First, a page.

Dr. Wilbers says knowing when to contact a vet for your pig is important. He has listed some things to consider when deciding whether or not to make that call. He warns, however, that time can be critical, so as a general rule, when in doubt, go ahead and telephone your vet.
PHYSICAL SIGNS TO LOOK FOR
Persistent vomiting for more than 24 hours (especially if yellow)
Off feed for more than 24 hours
A temperature of more than 105 degrees
Diarrhea for more than 24 hours
Constipation for more than 48 hours
Lying down for more than 8 hours
Unwillingness to rise
Blood in stool
Seen eating something potentially poisonous or obstructive
Sudden behavioral changes
Raised areas on skin
Aside from this list, many other possibility exist and the use of common sense is in order.
Just as you have a first aid kit for your family, you should have a medical kit for potbellied pig emergencies. Essential items for your kit include:
Thermometer: A rectal thermometer designed for animals is the appropriate type to use. One can be obtained though your veterinarian or a vet supply house. Tie a string on the end to ensure that the thermometer does not get lost inside your unsuspecting pig. You will need Vaseline as well for easy insertion. A normal temperature for a potbellied pig is between 102 and 103 F. Should your pig go off feed or become obviously ill, it’s good to take her temperature before consulting with your vet.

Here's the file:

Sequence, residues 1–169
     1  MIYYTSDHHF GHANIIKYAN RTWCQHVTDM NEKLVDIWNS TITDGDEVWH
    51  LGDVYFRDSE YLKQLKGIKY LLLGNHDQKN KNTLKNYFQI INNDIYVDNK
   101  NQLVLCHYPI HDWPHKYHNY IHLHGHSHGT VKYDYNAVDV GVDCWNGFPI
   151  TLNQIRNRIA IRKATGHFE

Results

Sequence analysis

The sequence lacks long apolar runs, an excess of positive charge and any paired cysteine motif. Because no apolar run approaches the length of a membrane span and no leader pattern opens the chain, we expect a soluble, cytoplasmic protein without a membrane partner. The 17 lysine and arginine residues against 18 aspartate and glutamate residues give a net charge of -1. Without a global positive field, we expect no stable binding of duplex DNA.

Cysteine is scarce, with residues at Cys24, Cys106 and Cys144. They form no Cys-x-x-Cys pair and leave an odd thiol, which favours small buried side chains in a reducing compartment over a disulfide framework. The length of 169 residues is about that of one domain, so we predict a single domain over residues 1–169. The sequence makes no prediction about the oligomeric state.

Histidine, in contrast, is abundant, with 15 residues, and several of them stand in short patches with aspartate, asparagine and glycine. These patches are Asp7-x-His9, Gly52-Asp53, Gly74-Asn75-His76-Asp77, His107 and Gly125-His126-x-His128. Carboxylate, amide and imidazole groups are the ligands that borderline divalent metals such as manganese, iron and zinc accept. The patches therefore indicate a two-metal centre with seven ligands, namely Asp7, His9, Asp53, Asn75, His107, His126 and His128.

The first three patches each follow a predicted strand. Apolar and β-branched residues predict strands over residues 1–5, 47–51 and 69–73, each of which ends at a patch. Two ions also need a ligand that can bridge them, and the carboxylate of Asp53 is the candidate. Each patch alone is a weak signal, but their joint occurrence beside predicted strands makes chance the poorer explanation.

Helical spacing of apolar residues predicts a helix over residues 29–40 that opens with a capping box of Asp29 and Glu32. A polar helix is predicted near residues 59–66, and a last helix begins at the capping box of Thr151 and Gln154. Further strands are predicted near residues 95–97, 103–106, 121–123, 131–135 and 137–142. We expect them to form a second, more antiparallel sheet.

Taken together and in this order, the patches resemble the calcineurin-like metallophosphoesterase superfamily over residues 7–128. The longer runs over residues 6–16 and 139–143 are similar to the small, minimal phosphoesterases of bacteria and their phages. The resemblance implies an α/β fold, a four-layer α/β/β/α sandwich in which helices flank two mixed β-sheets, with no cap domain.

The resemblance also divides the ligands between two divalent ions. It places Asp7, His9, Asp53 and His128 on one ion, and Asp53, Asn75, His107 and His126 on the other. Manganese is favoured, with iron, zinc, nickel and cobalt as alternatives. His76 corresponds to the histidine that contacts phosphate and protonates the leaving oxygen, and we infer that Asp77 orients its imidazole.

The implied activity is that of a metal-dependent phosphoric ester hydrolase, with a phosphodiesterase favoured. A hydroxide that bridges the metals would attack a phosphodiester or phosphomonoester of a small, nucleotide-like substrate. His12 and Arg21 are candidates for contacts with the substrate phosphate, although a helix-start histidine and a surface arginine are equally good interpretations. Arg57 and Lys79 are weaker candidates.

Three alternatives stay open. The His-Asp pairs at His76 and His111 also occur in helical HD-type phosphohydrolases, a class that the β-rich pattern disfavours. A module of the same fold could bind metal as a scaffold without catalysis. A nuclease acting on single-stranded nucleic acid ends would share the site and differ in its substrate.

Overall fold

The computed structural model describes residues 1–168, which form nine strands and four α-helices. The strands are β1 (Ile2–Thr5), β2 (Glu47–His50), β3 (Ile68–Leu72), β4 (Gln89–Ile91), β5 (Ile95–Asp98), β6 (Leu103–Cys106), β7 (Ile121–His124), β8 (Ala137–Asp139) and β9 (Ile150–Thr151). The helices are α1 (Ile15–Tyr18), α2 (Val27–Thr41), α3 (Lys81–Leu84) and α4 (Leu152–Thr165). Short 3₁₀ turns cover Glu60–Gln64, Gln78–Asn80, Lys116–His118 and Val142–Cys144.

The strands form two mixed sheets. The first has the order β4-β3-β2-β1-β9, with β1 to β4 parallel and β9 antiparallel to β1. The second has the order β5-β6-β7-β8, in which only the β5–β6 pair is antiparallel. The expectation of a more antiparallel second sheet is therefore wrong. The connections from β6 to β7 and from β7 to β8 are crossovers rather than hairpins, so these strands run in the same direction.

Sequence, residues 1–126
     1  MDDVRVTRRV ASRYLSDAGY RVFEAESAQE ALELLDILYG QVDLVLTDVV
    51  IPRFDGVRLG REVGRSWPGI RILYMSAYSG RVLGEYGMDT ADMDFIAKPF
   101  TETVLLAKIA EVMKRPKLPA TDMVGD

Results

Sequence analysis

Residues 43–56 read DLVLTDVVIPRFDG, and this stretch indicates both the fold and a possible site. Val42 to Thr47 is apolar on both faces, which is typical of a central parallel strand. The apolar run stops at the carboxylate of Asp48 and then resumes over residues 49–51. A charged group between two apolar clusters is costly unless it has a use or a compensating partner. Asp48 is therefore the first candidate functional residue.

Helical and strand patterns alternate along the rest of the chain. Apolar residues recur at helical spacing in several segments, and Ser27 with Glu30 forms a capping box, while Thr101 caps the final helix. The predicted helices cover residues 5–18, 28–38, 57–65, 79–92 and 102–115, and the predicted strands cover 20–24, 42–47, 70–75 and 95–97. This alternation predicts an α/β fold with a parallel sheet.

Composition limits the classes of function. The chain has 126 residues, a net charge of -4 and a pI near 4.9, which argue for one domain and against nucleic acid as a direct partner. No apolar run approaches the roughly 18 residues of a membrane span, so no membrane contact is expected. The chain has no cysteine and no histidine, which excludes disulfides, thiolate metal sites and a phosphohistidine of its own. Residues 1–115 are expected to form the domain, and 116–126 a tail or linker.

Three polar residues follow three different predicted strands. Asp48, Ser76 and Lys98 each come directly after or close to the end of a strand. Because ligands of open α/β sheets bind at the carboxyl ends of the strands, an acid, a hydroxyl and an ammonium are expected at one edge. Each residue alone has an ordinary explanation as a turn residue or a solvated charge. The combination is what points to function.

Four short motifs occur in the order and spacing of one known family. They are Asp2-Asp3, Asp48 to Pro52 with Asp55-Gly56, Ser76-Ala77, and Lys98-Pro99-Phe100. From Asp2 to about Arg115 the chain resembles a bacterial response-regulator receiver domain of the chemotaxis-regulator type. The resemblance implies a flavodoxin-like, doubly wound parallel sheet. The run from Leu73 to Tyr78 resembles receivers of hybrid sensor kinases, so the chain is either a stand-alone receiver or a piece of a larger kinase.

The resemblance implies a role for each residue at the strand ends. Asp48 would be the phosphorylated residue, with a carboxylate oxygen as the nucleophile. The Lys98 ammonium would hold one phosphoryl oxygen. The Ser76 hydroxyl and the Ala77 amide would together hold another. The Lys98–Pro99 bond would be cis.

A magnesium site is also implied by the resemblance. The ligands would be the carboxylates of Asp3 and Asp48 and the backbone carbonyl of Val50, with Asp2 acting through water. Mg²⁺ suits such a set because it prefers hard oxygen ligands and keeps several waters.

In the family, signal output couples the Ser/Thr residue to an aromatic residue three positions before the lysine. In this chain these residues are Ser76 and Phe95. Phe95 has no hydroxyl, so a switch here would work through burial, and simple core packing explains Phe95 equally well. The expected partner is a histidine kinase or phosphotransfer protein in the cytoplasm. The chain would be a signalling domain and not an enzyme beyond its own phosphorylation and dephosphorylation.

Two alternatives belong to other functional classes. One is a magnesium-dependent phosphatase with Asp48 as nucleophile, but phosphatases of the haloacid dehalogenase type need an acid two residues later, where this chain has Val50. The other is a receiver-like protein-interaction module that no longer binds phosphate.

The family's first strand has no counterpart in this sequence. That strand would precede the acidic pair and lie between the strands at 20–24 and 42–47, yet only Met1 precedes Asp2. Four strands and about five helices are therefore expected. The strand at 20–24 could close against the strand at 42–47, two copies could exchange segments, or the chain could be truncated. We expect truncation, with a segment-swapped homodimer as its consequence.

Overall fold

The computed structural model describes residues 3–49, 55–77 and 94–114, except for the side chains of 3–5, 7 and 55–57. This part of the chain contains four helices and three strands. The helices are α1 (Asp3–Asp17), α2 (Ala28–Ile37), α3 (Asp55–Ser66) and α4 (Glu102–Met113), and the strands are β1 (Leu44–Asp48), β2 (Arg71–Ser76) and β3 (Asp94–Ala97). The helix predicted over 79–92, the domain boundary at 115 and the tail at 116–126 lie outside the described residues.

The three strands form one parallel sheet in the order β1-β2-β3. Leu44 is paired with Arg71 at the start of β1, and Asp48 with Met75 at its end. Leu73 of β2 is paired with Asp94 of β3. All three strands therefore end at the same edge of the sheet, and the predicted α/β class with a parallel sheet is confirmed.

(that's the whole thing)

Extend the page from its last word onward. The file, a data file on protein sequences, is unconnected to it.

Topical Antibiotic: For the occasional scratch, cut or abrasion a topical antibiotic is indicated. My personal preference is a dry powder type called KV Wound Powder. This is an antibacterial containing nitrofurazone. It is easy to apply and really adheres to the wound. I have quick healing results with the use of this product. KV wound Powder is distributed by Ken Vet out of Ashland, Ohio and should be available through your vet or vet supply house. Also effective is Bacitracin or other name brand antibiotic ointments you can get at your local drug store.
Hydrogen Peroxide: You will be glad you have peroxide if you need to clean out a wound before applying an ointment. Should your vet advise you to induce vomiting because of suspected poisoning, hydrogen peroxide given orally to your pig is quite effective. Keep both your vet’s phone number and Animal Poison Control numbers by the phone. Poison Control: 900-680-0000 ($30.00) or 800-548-2423 ($30.00)
Syringes: In order to administer hydrogen peroxide or oral medications, you will find a syringe most useful. Keep a few sizes on hand. I find 3 cc, 6 cc and 12 cc syringes most adaptable to different situations where using a syringe is indicated.
Rehydration Agent: Should your pig become dehydrated you need to have some electrolytes on hand. Gatorade is very accessible and effective, or you may wish to buy something like Pedialite, a product for human babies.
Mineral Oil: Should your pig become constipated, add one-quarter cup of mineral oil to your pigs food at each meal. Generally, within a day or two your pig will be back to normal.
Keep your emergency pig supplies in a small plastic tool box marked appropriately. Keep this box in the same place always.